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passions are vastly distant from grandeur, and are in themselves of a low degree ; as lamen
When a writer applies to the more tender passions of love and pity, when a speaker endeavours to engage our affections, or gain our esteem, he may succeed well, though there be nothing grand in what he says. Nay grandeur would sometimes be unseasonable in such cases, as it strikes always at the imagination.
There is a deal of this sort of pathetic in the words of our Saviour to the poor Jews, who were imposed upon and deluded into fatal errors by the Scribes and Pharisees, who had long been guilty of the heaviest oppression on the minds of the people, “ Matt. xi. 28-30. “Come unto me, all ye that labour and are heavy “ laden, and I will give you rest. Take my yoke upon “ you, and learn of me, for I am meek and lowly in “ heart, and ye shall find rest unto your souls. For my “yoke is easy, and my burden is light.”
So again in Mat. xxiii. 37. after taking notice of the cruelties, inhumanities, and murders, which the Jewish nation had been guilty of towards those who had exhorted them to repentance, or would have recalled them from their blindness and superstition to the practice of real religion and virtue, he on a sudden breaks off with,
“Jerusalem, Jerusalem, thou that killest the prophets, and stonest them which are sent unto thee, how 6 often would I have gathered thy children together, “ even as a hen gathereth her chickens under her wings, 66 and ye would not !” The expression here is vulgar and common, the allu
tation, sorrow, fear; and on the contrary, ' there are many things grand and lofty without any passion; as, among a thousand instances, we may see, from what the Poet has said, with so much boldness, of the Aloides *.
4 to raise Huge Ossa on Olympus' top they strove, And place on Ossa Pelion with its grove ; That heaven itselfthus climb’d, might be assail'd.
sion to the hen taken from an object, which is daily before our eyes, and yet there is as much tenderness and significance in it as can any where be found in the same compass.
I beg leave to observe farther, that there is a continued strain of this sort of Pathetic in St. Paul's farewell speech to the Ephesian elders in Acts xx. What an effect it had upon his audience is plain from ver. 36-38. It is scarcely possible to read it seriously without tears.
The first book of Paradise Lost is a continued instance of Sublimity without Passion. The descriptions of Satan and the other fallen angels are very grand, but terrible. They do not so much exalt as terrify the imagination. See Mr. Addison's observations, Spectator, N° 339.
* The Poet.] Longinus, as well as many other writers, frequently styles Homer in an eminent manner, the Poet, as if none but he had deserved that title. * Odyss. 1. v. 314.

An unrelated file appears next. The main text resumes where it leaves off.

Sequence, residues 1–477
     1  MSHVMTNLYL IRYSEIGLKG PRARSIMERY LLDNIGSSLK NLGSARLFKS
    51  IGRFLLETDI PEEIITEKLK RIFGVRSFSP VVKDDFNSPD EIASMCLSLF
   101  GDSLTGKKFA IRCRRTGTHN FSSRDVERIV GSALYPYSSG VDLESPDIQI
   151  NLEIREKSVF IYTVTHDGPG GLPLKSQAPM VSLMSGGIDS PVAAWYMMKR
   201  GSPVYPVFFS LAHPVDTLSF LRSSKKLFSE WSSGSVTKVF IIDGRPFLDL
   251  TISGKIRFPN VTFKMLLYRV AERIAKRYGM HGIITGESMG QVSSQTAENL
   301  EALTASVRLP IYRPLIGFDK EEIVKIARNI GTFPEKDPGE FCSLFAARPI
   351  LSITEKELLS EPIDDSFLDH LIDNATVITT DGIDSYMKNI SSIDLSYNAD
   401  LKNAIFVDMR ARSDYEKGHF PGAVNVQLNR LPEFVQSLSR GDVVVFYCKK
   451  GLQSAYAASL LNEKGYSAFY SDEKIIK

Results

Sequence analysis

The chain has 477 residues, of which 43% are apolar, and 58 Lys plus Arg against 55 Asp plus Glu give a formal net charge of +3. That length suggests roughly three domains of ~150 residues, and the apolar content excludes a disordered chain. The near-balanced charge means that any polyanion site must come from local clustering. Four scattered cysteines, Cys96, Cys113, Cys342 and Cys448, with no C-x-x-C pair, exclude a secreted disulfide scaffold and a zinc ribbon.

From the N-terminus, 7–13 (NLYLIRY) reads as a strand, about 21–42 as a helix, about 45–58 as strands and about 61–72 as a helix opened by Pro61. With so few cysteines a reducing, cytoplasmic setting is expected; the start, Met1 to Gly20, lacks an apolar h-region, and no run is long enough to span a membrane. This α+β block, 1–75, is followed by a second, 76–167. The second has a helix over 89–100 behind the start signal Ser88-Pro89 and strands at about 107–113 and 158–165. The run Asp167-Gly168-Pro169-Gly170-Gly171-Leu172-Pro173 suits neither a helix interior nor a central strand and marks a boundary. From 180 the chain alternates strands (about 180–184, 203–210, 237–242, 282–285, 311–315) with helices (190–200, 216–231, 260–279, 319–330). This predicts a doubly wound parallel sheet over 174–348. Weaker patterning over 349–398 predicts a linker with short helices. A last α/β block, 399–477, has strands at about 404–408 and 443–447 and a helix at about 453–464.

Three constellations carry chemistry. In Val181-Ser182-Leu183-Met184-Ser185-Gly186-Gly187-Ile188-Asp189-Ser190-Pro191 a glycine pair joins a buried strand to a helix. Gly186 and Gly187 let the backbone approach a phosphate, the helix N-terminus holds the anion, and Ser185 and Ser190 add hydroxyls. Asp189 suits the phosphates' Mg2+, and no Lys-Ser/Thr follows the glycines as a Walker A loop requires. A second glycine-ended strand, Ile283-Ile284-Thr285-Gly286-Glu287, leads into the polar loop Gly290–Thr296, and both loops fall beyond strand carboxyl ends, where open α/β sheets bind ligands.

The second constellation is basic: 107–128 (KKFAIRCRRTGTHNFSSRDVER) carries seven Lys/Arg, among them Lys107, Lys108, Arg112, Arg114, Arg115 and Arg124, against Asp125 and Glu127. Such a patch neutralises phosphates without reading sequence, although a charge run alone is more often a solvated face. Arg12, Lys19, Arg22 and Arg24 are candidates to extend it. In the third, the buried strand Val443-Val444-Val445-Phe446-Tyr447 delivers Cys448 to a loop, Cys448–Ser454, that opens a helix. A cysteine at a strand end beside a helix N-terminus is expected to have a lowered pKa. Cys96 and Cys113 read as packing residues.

Milton has equalled, if not excelled, these bold lines of Homer in his fight of angels. See Mr. Addison's fine observations upon it, Spectator, No 333.
But the boldness of what he afterwards adds, is yet greater: Nor would success their bold attempts have
fail'd, &c. Among the orators, all panegyrics, and orations composed for pomp
and show, may be grand throughout, but yet are for the most part
void of passion. So that those orators, who excel in the Pathetic, scarcely ever suca ceed as Panegyrists ; and those whose talents lie chiefly at Panegyric, are very seldom able to affect the passions. But on the other hand, if Cecilius was of opinion, that the Pathetic did not contribute to the Sublime, and on that account judged it not worth his mention, he is guilty of an unpardonable error. For I confidently aver, that nothing so much raises discourse, as a fine Pathos seasonably applied. It animates a whole performance with uncommon life and spirit, and gives mere words the force (as it were) of inspiration.
BUT though the first and most imporant of these divisions, I mean, Elevation of Thought, be rather a natural than an acquired qualification, yet we ought toʻspare no pains to educate our souls to grandeur, and impregnate them with
generous and enlarged ideas. “ But how, it will be asked, can this be « done?” Why, I have hinted in another place, that the Sublime is an image reflected from the inward greatness of the soul. Hence it comes to pass, that a naked thought without words challenges admiration, and strikes by its grandeur. Such is the Silence of
Ajax The silence of Ajax, &c.] Dido in Virgil behaves with the same greatness and majesty as Homer's Ajax. He disdains the conversation of the man, who, to his thinking, had injuriously defrauded him of the arms of Achilles ; and she scorns to hold conference with him, who, in her own opinion, had basely forsaken her; and by her silent retreat, shews her resentment, and reprimands Æneas more than she could have done in a thousand words.
Illa solo fixos oculos aversa tenebat,
Ajar in the Odyssey ,which is undoubtedly noble, and far above expression.
. - To arrive at excellence like this, we must needs suppose that which is the cause of it,
Quàin si dura silex, aut stet Marpesia cautes.
Æn. vi. v. 469.
The Pathetic, as well as the Grand, is expressed as strongly by silence, or a bare word, as in a number of periods. There is an admirable instance of it in Shakespeare's Julius Cæsar, Act. 4. Sc. 4. The preceding scene is wrought up in a masterly manner: we see there, in the truest light, the noble and generous resentment of Brutus, and the hasty choler and as hasty repentance of Cassius. After the reconciliation, in the beginning of the next scene, Brutus addresses himself to Cassius.
Bru. O Cassius, I am sick of many griefs.
If you give place to accidental evils.